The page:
I am certainly not anti-renter or anti-poor for our neighborhood, and I agree that we need a healthy mix of renters and owners. All I’m really (trying) to say is that it’s best if the majority of residents….whether owners or renters, rich or poor or in-between….are here for the long run. These are the people who are most “invested” (in the non-monetary sense) in the well-being and livability of Capitol Hill and who will work to make it a better place.

    • Darn it Timmy73, you ruined my rant! Couldn’t agree more. The article and your comment covered the whole point of conversions. It’s easier to get a construction loan for apartments right now, and the first owner gets to burn off any warranty and sell units “as is”. Be very careful buying a conversion.

    • Good points. Building owners may have a hard time selling the property as a whole, as well, if they turn into “fractured condo” buildings (part condos, part apartments). Lenders typically will make it quite difficult for buyers to purchase that kind of property.

  2. Finally a real building, 24 stories and 164 units! I am looking forward to when they start tearing down all these short fat waste of space new and old buildings. The only thing that is going to bring down the ridiculously high rents here is more supply of housing. I wonder what micro housing will cost then. I would like to see more building like the built center but that would make too much sense, right? Limiting the height on the Broadway buildings was one of the worst decisions ever and the requirement to install that ugly tile in the sidewalks too. Seattle need housing so build housing for everyone, not just the people who can afford it. What has always made Seattle strong is the mixture of people. These crazy rent and mortgage prices completely destroy what is most important to the city.

    • Another thing that would help is if they quit trying to load 10 lbs of shit into a 5 lb bag. There are LOTS of places that would make for good condo and new neighborhoods development, but it entails branching off Capitol Hill and into underutilized neighborhoods ripe for revitalizing. SoDo, Georgetown, (more of) Beacon Hill, etc. It doesn’t mean sprawl. These neighborhoods are well-served by existing roads and infrastructure and would be awesome spots for more affordable apartments and condos. Better use of space now just sitting there. All w/o turning it into a drab mess like the Eastside.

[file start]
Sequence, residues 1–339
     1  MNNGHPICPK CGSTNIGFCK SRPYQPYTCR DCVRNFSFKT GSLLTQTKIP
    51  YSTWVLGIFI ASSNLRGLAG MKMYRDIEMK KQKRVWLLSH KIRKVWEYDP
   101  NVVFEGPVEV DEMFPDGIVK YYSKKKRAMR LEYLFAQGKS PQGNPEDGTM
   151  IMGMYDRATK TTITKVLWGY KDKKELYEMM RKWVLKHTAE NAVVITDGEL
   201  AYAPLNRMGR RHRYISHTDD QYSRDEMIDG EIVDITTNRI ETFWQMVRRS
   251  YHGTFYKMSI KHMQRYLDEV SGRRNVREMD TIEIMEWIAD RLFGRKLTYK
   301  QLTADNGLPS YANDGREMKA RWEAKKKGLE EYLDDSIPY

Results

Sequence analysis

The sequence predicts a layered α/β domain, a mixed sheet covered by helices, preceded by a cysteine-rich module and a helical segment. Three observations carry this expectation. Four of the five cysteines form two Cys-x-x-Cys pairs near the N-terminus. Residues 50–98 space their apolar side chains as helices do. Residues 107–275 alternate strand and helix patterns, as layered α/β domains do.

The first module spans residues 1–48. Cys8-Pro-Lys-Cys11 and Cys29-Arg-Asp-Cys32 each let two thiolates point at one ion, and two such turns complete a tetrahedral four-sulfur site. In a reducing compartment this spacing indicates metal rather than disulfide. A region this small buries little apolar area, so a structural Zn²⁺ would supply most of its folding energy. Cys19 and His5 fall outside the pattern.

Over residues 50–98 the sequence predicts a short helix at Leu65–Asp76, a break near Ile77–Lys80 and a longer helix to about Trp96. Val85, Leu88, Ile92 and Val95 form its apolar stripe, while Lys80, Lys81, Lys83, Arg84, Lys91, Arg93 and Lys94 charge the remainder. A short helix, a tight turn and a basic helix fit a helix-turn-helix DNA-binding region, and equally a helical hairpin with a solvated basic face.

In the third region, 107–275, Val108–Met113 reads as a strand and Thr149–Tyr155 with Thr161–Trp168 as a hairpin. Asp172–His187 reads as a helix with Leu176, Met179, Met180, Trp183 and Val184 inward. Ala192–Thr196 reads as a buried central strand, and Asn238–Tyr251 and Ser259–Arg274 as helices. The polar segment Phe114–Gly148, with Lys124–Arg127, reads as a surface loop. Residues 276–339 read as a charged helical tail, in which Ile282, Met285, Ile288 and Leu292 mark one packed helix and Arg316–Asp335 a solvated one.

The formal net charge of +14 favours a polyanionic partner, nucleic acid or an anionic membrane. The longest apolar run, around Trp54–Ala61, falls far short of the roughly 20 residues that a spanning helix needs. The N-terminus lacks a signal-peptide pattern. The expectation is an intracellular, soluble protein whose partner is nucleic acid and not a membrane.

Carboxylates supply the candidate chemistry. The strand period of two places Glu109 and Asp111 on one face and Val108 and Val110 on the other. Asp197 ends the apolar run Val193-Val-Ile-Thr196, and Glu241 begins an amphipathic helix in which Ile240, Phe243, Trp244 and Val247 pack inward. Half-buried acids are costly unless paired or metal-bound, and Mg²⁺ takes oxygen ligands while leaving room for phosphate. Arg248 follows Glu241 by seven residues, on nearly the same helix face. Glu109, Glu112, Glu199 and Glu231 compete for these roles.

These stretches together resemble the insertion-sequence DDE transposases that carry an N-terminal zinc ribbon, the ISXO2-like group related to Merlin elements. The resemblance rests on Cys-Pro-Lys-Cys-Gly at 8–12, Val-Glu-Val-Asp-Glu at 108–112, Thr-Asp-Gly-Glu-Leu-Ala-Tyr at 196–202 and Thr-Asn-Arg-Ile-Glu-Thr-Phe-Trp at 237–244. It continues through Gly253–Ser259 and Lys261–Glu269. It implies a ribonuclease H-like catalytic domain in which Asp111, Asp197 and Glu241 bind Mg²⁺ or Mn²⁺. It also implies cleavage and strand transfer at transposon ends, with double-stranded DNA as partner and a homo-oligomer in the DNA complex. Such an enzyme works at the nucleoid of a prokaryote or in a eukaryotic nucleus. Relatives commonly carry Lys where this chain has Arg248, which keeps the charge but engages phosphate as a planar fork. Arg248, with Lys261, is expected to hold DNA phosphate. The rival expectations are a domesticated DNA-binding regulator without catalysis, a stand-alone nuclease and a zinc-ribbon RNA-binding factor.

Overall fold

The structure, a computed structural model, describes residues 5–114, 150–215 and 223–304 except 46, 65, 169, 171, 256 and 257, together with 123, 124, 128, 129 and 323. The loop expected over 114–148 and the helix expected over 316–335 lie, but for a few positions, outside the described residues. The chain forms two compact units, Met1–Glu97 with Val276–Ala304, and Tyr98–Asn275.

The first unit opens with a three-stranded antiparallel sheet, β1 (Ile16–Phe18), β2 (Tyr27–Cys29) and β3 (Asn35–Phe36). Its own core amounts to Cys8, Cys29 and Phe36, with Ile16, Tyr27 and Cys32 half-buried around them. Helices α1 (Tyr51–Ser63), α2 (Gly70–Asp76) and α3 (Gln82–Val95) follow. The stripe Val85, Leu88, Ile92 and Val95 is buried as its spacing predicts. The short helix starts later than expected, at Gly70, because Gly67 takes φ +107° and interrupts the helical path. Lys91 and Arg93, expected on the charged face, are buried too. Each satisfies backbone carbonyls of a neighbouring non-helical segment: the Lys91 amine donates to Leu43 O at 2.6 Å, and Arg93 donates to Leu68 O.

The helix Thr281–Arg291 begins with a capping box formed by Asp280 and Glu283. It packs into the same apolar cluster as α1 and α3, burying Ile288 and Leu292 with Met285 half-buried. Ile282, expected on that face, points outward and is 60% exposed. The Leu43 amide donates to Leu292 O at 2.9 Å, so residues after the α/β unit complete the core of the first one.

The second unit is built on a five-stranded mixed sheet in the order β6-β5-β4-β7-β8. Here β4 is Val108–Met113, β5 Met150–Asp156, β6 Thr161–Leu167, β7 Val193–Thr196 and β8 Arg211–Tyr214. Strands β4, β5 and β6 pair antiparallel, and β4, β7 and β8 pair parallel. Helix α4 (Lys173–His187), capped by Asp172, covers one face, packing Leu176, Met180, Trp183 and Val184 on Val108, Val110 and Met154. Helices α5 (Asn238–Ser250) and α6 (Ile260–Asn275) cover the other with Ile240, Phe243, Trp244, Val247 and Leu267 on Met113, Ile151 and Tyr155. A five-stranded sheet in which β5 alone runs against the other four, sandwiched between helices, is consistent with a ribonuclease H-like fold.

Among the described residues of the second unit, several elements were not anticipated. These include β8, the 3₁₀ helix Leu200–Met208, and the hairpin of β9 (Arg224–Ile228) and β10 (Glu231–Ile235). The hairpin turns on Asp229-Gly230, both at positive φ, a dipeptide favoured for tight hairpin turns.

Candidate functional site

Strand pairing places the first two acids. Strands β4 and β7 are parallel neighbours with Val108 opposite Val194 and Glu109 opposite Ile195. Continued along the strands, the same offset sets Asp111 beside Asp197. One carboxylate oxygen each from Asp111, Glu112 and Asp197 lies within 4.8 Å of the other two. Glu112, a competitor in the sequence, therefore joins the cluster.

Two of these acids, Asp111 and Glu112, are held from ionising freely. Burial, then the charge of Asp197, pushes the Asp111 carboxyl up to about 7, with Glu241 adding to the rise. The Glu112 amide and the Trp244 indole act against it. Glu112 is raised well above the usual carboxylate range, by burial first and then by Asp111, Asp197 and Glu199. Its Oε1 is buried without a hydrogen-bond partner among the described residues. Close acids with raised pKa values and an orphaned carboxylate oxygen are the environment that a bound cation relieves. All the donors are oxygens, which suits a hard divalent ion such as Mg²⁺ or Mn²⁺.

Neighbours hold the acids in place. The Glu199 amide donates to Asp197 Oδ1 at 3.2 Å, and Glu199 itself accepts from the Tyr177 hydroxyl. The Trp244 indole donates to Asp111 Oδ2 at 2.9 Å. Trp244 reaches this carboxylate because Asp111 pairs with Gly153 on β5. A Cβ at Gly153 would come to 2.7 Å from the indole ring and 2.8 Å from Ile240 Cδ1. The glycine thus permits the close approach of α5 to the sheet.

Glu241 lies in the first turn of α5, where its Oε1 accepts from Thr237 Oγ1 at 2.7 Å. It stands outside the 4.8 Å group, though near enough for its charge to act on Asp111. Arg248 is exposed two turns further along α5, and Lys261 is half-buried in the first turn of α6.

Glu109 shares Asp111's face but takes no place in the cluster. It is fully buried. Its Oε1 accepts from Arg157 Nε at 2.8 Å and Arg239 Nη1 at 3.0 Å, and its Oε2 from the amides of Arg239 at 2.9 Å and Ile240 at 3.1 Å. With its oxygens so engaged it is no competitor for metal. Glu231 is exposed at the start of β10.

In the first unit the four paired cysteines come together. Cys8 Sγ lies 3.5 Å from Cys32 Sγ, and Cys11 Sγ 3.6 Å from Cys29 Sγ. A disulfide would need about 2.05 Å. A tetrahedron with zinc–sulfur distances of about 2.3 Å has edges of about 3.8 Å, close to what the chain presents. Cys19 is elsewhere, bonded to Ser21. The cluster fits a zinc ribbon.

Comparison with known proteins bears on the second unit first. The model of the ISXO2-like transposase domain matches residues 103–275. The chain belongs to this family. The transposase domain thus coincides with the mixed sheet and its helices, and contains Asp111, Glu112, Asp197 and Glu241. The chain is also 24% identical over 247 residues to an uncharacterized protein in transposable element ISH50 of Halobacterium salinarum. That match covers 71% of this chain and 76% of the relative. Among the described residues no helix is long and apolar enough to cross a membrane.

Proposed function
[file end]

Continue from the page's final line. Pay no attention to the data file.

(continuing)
• So the renters are shit? I’m not certain thats what you meant, but it certainly comes across that way. Our region isspending $1.8 Billion on a lights rail extension and streetcar, this infrastructure makes Capitol Hill a very desirable neighborhood to live in. A 5-10 minute walm to the CH station and then a 3 minute ride ro the UW, a 3-5 minute ride to downtown, or 35 minutes to the airport. I suggest you get your nose plug out, there’s more coming to the neighborhood, and with your welcoming attitude, I’m sure you’ll be a pleasant neighbor.

        • No Prost, that’s not what I meant, but congrats for taking it and running with it anyway. “Cramming 10lbs of shit in a 5lb bag” is just an expression. Beacon Hill has a transit station right smack in the middle of everything. And there are plenty of areas all the way down Rainier right by existing transit or rail stations. Of course, this requires looking ahead, which developers hate doing. And lots of people hate being “urban pioneers”, but the economics that people are bitching is pricing them off Capitol Hill are starting to force the issue. Yes, Timmy, SoDo and Georgetown DO need more retailers and grocery stores, and maybe some people would never think of it as a nice place to live. But there are plenty of places going to waste that are bound to become viable eventually, out of necessity.